By Matt Jones
In education, we hear a lot about ‘accountability’ - that we need to hold teachers and schools accountable.
But what about our elected officials? Elected officials all agree that students should have access to a 21st century education, but the state is not even fully funding our schools using a 1985 formula.
This year, the state cut over $1 billion to Georgia schools and over $8 million to Clarke County Schools. These are more than just numbers.
According to a survey conducted by the Georgia Budget and Policy Institute, Clarke County Schools has furloughed teachers, increased class sizes, and used reserve funds in response to an 18.9% cut in state funding since 2002.
While many countries are lengthening their school year, over 71% of Georgia schools are shortening their school calendars. While elite private schools are touting small class sizes, 95% of Georgia schools have increased their class sizes since 2009. While countries with some of the highest test scores tend to have the lowest level of poverty, 38% of Georgia school districts are cutting back on services to help low-performing students (58.9% of Georgia students are economically disadvantaged).
It is clear that these “Shoestring Budgets” are not providing Georgia’s students with a world-class education. In an effort to hold our elected officials accountable, EmpowerED Georgia recently launched a ‘Stop Putting Our Schools on Shoestring Budgets!’ campaign. We are asking Georgians to mail the Governor and their state legislators shoestrings with a letter asking them to restore funding to public education.
We hear a lot about Georgia being a place to do business but what business is going to want to make serious investments in a state that is not adequately investing in its schools? We hear a lot about supporting job creators but not about supporting teachers - who create all other professions.
According to the Center on Budget and Policy Priorities, Georgia ranked 8th in the nation for the most cuts made to per-student spending since 2008.
Even faced with this reality, the critics continue to find a voice.
Some may argue that test scores have not eroded. These people ignore the erosion of non-tested courses --- 42% of Georgia school districts report that they have eliminated or reduced art and music courses and 62% report that they have eliminated or reduced other electives.
Critics also ignore the constant fundraising of PTAs, the use of local reserves, and the increased burden on local taxpayers that have blunted the negative statistical effects of the funding cuts. Teachers are going above and beyond to serve their students with less pay and fewer resources. Long-term, this is an unsustainable path that will lead to the decline of the teaching profession and student achievement.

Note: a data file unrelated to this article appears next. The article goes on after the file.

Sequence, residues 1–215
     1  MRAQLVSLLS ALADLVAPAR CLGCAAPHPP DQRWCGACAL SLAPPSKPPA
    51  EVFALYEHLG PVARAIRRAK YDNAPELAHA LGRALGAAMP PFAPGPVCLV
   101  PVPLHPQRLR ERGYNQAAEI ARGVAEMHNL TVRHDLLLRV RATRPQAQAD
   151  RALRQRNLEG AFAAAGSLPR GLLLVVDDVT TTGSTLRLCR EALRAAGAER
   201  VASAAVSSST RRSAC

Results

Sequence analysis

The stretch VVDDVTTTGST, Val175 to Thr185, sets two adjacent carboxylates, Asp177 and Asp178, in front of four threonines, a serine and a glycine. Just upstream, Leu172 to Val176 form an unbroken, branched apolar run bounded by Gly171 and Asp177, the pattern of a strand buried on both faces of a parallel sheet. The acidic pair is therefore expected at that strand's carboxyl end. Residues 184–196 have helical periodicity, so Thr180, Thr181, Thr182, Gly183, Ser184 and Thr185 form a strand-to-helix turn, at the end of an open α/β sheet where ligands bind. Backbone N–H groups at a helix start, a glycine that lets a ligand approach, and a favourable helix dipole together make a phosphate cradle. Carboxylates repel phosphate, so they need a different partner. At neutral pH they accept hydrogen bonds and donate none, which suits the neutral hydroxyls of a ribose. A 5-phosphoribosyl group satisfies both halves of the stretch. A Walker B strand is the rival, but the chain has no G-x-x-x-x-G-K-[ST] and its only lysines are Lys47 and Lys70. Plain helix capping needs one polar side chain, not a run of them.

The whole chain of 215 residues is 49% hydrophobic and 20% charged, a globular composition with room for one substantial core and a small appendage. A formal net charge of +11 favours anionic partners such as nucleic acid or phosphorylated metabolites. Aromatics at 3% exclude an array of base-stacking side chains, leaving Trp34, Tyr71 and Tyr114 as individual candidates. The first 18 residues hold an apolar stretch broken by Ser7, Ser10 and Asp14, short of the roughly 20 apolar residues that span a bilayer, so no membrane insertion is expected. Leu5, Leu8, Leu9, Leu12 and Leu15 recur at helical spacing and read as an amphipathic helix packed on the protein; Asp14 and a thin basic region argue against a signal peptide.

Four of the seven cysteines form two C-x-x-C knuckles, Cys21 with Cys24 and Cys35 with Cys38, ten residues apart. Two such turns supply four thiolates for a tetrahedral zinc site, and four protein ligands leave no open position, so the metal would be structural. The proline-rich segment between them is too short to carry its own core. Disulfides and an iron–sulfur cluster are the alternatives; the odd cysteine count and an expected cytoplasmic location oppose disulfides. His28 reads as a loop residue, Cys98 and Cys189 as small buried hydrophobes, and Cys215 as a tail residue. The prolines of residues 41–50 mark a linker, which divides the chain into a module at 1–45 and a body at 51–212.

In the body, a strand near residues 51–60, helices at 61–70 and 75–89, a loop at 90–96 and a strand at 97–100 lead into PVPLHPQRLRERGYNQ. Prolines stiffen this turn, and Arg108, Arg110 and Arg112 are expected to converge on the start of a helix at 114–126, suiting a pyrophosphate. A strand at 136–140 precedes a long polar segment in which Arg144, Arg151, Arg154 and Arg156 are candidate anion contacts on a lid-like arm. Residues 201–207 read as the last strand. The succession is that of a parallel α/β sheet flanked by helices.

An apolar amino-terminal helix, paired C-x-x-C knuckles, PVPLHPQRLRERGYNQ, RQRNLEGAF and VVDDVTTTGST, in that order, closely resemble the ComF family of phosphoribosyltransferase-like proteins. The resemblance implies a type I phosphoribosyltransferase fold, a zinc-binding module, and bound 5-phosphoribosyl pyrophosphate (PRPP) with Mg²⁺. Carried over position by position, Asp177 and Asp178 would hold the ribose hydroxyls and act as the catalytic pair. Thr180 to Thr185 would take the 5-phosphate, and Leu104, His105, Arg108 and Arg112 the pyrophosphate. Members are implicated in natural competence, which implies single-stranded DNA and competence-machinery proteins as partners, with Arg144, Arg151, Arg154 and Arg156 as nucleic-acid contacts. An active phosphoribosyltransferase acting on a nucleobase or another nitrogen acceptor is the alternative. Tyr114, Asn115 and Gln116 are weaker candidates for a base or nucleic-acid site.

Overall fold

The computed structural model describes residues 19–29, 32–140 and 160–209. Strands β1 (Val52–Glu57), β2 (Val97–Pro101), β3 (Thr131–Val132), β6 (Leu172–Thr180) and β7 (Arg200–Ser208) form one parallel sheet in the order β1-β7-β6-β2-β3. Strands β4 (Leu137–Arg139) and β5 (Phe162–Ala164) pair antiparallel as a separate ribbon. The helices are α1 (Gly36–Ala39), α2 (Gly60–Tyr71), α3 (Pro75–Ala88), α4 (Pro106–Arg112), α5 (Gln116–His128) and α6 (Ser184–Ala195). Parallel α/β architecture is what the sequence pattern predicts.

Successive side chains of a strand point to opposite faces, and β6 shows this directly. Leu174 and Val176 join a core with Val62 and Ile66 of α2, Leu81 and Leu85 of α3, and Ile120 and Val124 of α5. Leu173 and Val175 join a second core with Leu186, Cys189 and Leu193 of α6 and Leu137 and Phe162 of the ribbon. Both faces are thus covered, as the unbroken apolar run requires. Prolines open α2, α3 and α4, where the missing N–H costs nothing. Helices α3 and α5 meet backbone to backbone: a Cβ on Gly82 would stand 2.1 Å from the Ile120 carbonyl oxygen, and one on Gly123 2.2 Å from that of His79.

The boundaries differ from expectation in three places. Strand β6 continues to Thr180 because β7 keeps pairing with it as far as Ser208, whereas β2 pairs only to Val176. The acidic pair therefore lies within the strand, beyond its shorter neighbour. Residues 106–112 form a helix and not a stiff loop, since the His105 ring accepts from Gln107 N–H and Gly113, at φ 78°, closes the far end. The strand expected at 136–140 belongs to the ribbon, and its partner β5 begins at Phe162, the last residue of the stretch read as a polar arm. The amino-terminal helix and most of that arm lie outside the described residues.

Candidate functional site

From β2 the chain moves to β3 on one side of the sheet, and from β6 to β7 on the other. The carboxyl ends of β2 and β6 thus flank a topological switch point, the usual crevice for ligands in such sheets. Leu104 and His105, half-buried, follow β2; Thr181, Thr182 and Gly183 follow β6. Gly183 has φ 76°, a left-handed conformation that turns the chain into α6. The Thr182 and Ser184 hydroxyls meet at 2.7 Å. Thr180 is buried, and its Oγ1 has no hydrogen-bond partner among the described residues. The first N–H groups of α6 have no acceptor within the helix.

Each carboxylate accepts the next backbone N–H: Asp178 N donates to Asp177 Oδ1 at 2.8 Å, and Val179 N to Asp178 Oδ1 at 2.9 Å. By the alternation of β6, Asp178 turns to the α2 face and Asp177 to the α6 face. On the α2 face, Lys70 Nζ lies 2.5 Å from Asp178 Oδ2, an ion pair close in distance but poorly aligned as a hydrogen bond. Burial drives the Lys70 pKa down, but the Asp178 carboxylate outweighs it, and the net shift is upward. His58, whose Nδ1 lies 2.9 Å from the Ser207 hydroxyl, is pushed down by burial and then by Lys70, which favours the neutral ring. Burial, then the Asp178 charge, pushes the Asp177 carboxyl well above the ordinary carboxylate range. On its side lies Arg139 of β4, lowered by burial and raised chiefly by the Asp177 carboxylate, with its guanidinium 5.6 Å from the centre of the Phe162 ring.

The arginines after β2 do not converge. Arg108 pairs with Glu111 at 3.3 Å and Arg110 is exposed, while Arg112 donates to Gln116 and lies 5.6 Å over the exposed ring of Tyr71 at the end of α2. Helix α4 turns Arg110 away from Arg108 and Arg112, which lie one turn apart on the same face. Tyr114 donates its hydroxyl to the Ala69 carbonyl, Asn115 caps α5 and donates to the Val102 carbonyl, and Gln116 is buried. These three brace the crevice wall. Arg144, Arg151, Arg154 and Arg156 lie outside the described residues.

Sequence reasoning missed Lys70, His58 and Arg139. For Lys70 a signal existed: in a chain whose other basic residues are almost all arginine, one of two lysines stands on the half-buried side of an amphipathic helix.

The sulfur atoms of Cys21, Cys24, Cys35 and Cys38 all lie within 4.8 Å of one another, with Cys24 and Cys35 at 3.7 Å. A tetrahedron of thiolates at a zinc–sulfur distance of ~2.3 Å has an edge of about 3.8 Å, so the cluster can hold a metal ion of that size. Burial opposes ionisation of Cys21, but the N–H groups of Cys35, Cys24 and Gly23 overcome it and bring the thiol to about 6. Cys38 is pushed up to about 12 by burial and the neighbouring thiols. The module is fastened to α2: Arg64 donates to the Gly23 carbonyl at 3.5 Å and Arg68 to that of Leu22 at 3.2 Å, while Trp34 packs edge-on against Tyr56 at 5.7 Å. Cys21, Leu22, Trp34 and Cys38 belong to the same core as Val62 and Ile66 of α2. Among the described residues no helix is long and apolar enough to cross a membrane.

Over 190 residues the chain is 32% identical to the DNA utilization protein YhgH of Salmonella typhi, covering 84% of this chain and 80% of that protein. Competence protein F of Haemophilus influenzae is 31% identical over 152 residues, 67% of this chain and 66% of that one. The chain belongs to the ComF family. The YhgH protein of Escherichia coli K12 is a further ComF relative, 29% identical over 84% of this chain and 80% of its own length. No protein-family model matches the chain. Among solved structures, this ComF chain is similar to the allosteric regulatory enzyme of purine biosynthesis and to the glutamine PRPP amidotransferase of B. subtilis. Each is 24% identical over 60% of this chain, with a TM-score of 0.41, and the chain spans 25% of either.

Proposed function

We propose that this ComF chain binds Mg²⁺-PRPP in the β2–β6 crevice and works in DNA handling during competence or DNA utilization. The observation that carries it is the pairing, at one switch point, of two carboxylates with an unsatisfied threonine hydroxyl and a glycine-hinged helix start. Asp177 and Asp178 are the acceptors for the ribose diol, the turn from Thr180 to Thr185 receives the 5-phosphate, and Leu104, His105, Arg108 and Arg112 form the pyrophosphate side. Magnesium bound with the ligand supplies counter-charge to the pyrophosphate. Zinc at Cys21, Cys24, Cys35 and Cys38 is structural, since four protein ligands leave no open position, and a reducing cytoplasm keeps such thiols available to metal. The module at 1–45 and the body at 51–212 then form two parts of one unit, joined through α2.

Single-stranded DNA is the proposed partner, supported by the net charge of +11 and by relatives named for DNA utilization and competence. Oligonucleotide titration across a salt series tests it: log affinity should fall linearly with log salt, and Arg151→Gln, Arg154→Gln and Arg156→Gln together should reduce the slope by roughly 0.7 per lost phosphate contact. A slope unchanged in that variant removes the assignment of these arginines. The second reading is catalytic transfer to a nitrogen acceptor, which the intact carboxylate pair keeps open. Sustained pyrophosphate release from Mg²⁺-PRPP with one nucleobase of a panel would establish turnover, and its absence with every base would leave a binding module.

Some may point to administrative bloat as a source for funding. Though school boards and school leaders must certainly live by the example of shared sacrifice, I would invite critics to visit the Central Offices of many rural school systems. Most have buildings that date back to the ‘60s and administrators who fill multiple roles. Those who put a magnifying glass on the large administrative costs of a few school systems, ignore the bare-bones operations of the vast majority.
Even critics of Clarke County must admit that you can’t cut enough administrators to make up for the $8 million in cuts from the state this year, especially at a time when federal and state mandates continue to increase.
Let’s be clear -- it’s the state failing local communities, not the other way around.
No doubt, the path to fully funding Georgia’s schools will take a long-term effort but we cannot allow the state to escape its obligation and responsibility.
Georgia’s State Constitution states: “An adequate public education for the citizens shall be the primary obligation of the state.” More than just constitutional obligation, our state elected officials have a moral obligation to support our public schools and Georgia’s students.
This year, I have travelled across the state speaking with parents and teachers. Parents have told me about buses too full to have enough seats for their children. Teachers have told me about classes so full that students sit on the floor. Duct-taped textbooks, ceiling tiles that crumble and fall when it rains, and teachers buying their own copier paper. The stories go on and on.
We must take the first step in the long but important process of fully funding our schools.
Estimates put discretionary state revenues for this year at $300-$400 million. Parents, educators, and community members from across Georgia must come together to urge the Governor and state legislators to ‘Fund Education First’ and put the revenue back into the funding formula.
Parents – you must be advocates not only for your kids but for all kids. Educators – you must do what you do best – educate. Educate the public concerning the issues facing education. For we know that good schools lead to strong communities.
We cannot afford to sit back and watch as the quality of our schools and the education of our children erodes. We must stand up and speak up for the students in Clarke County and those across Georgia.To highlight our Shoestring campaign and to address legislators first-hand, we will be hosting a Day at the Capital on Monday, January 27th, 2013 at 9 a.m. in Room 216. RSVP here.